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Sunday, February 20, 2011

NT Use of OT Part 1: Introduction to the Issue

The first topic I want to address on this blog is New Testament use of the OT. Now that I have finished my book, Has the Church Replaced Israel? A Theological Evaluation, I have spent most of my research time looking into how the NT authors use the OT. The more I dig into this issue the more fascinated I am by it. Here are some stats that highlight the importance of this topic:

--There are 224 direct citations introduced by a definite formula indicating that the NT writer purposed to quote the OT.

--The references to the OT in the NT occupy 352 verses of the NT. This is 4.4 percent of the NT.

--One verse in 22.5 of the NT is a quotation of the OT.

--When allusions are taken into consideration it can be said that more than ten percent of the NT is made up of citations or direct allusions to the OT (figures are from Roger Nicole, “New Testament Use of the Old Testament”).

NT use of the OT is one of the most important topics in biblical interpretation. As Walter Kaiser stated, “The relationship between the OT and the NT stands as one of the foremost, if not the leading, problems in biblical research of this century.”

I also believe that this issue is one of the most neglected topics in hermeneutics. If you read textbooks on hermeneutics often there is little specific discussion and instruction on how to understand how the NT authors use the OT. I have taken several hermeneutics courses in my academic career but I don’t think I ever received detailed instruction on this issue. In the past I have also taught several classes on Bible interpretation in churches, but to be honest I do not think I have offered much help on this topic. Ask yourself, when is the last time you heard a serious discussion in your church about how the NT writers used the OT? Perhaps there are some who can think of a time, but I would guess that most cannot.

So why is NT use of the OT an oft-neglected topic? Here are some possible reasons:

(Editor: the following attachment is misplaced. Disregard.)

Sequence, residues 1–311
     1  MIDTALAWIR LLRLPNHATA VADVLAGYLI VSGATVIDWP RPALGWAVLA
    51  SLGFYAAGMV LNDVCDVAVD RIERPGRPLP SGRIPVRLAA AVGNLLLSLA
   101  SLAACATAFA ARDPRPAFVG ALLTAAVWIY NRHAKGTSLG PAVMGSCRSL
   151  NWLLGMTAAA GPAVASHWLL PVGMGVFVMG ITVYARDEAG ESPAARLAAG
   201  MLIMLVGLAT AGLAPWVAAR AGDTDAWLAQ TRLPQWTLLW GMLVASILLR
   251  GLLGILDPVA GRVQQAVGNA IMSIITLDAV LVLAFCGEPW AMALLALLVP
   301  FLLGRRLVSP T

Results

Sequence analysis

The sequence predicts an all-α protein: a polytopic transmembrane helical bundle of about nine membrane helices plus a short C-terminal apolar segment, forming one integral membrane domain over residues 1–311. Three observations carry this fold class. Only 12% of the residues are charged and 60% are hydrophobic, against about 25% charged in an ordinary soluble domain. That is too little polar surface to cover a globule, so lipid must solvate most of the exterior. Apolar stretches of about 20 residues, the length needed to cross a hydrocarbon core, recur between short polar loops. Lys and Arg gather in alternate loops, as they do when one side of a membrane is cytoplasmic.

First, I don’t think Christians are aware of how often the NT uses the OT. It is often not on their radar. Nor are they aware that how the NT uses the OT has a great bearing on how one understands the kingdom of God, the people of God, the law of God, and the covenants of Scripture.

Second, there are major areas of disagreement on this issue from Christian leaders and scholars. This can lead us to throw our hands up in the air in frustration. Major differences exist between Covenant theologians and Dispensationalists. And not only that, differences within these camps exist.
    
Third, the articles and books that address this issue are often technical, sometimes confusing, and generally difficult to understand. Even those who are making good points often state their points in ways that are difficult to grasp and apply.

Fourth, this is a complicated issue with no silver bullet solution or formula that answers all our questions.

For the student of Scripture, understanding how the NT uses the OT is an important and worthwhile task, but one that will take much study and skill.

7 comments:

  1. Thanks for taking the time to blog on this topic! I'm incredibly excited to read your thoughts. I just purchased "Commentary on the NT Use of the OT" by Carson & Beale on Logos.

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  2. Morgan, thanks for your interest. I have interacted with this book too. Maybe that can be part of our discussion.

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  3. Mike, thank you for taking time to teach the Body of Christ online. I have always greatly benefitted from your indepth research and clarity of thought. Keep up the good work, brother! I look forward to more in the future. Go Huskers!

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  4. Hey Phil, great to have contact with you again. I'd like to hear what you are doing and where you're at.

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  5. Dr. Vlach,

    I'm looking forward to your posts! I sincerely appreciate the way you consistently make theological issues so clear. God has given you a tremendous gift to articulate biblical truth in a way that vast ranges of listeners can understand. I thank the Lord for having had the opportunity to study underneath you at TMS.

    --Jeff

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  6. Thank you Jeff. I hope I can be clear on this topic. This is a tough one.

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  7. Thanks for blogging and specifically for spending time on this topic. I am amazed - literally amazed - that there is not more interest in it. Given that Luke 24 describes how Jesus opened the eyes of His apostles to the Scriptures after His resurrection, it obvious that if we study their writings and how they viewed the OT, we will learn the Lord's hermeneutic.

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